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Date: 2017-08-08 04:23 pm (UTC)
slashmarks: (Leo)
From: [personal profile] slashmarks
I think it's fine if it's optional, but it needs to be optional, outside very specific settings where the course is meant to prepare students for a specific career that involves group work. In that case there needs to be an effort to put in the same kind of control measures you'd have in a professional group with a good supervisor.

In middle school and high school it frequently turned into other students stealing my things, refusing to speak to me and then claiming to the teacher that I wasn't participating, etc. So, that kind of soured me on the concept. I think this is, bluntly, an unavoidable problem with teenagers; some groups may coincidentally not have it, but there's not much one adult can do to prevent it or to know when it's happening, and because of this reporting mechanisms may just make bullying problems worse.

With college-age adults, you're somewhat more likely to have people who care enough about their grades and the work to focus on getting it done even if they don't like the people they're with very much. But this isn't a guarantee by any means, and there are any number of other problems like half of the group being persistently disorganized.

(My experience last spring: both of the other students in my group agreed to finish their sections of a group presentation by a certain time to let us practice, didn't do it, I had to chase both of them the last week, tell one to find sources other than wikipedia, everyone finished two days before the presentation when we had no time to meet, and then the first one talked through three quarters of our presentation time and the other two of us didn't have enough time to finish. We all got the same bad grade.)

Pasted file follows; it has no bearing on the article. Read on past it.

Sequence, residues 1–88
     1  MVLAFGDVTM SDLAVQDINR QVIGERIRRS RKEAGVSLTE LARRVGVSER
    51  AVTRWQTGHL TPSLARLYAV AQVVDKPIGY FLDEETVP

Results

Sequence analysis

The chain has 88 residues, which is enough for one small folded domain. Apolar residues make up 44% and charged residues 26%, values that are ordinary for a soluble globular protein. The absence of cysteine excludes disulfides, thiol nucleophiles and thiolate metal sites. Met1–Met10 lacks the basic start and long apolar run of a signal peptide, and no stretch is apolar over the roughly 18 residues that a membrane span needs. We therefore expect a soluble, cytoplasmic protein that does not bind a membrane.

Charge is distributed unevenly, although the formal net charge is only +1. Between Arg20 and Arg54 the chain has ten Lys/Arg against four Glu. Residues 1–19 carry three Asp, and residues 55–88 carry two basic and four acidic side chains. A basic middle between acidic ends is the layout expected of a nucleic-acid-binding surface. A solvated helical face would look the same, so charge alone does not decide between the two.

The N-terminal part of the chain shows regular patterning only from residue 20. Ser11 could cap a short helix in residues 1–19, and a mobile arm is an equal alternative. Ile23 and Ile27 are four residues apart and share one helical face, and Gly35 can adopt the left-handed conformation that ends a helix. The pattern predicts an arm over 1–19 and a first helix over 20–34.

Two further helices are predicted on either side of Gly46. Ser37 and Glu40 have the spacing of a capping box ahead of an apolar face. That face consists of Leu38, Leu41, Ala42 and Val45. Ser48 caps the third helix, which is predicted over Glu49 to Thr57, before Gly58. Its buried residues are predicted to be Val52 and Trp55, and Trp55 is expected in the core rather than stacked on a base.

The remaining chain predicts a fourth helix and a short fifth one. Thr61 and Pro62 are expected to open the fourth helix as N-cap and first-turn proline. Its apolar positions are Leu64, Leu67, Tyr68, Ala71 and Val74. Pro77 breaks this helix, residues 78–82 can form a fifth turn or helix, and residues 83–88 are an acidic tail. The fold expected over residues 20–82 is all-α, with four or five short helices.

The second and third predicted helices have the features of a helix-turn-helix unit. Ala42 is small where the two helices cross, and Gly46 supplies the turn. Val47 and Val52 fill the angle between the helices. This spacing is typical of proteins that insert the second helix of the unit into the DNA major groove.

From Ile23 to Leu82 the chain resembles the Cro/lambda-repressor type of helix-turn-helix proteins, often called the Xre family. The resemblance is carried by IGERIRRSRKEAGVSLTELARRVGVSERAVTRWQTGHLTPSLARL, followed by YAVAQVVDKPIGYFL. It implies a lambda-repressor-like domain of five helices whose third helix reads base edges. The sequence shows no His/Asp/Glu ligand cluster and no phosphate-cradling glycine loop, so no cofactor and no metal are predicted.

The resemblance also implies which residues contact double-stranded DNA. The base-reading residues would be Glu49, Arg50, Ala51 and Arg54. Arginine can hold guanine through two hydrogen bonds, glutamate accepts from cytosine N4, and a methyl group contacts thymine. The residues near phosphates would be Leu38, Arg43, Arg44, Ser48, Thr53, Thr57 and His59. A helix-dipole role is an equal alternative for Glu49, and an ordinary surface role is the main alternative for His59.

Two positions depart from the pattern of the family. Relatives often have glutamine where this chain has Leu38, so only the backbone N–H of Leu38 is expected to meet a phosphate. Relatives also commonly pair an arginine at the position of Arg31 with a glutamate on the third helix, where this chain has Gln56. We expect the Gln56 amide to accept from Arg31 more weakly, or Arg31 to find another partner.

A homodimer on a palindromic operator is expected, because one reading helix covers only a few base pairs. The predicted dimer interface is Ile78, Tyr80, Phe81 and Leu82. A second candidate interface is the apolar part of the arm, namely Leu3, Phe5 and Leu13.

Another problem that happens a lot in college is that teachers assume students will be able to organize outside class time. This assumes a lot about schedules and locations; students who live close to campus or on campus and don't have to work are in a better position than students who commute long distances and work. (I don't know how housing works in the UK, but in the US living on campus is associated with having more money.)

Like, at one point I was in a class where the teacher casually assumed all the students would be able to meet once a week for an hour or two every week outside the scheduled class time; everyone else was free Saturday mornings, I wasn't because of my work schedule. That was fun! A lot of students in my school also commute from the middle of the state, which is an hour or two of driving between home and campus one way. Requiring students to meet outside designated class hours is the same kind of inappropriate boundary crossing as making work dependent on people coming to the bar Friday nights with the office, imo.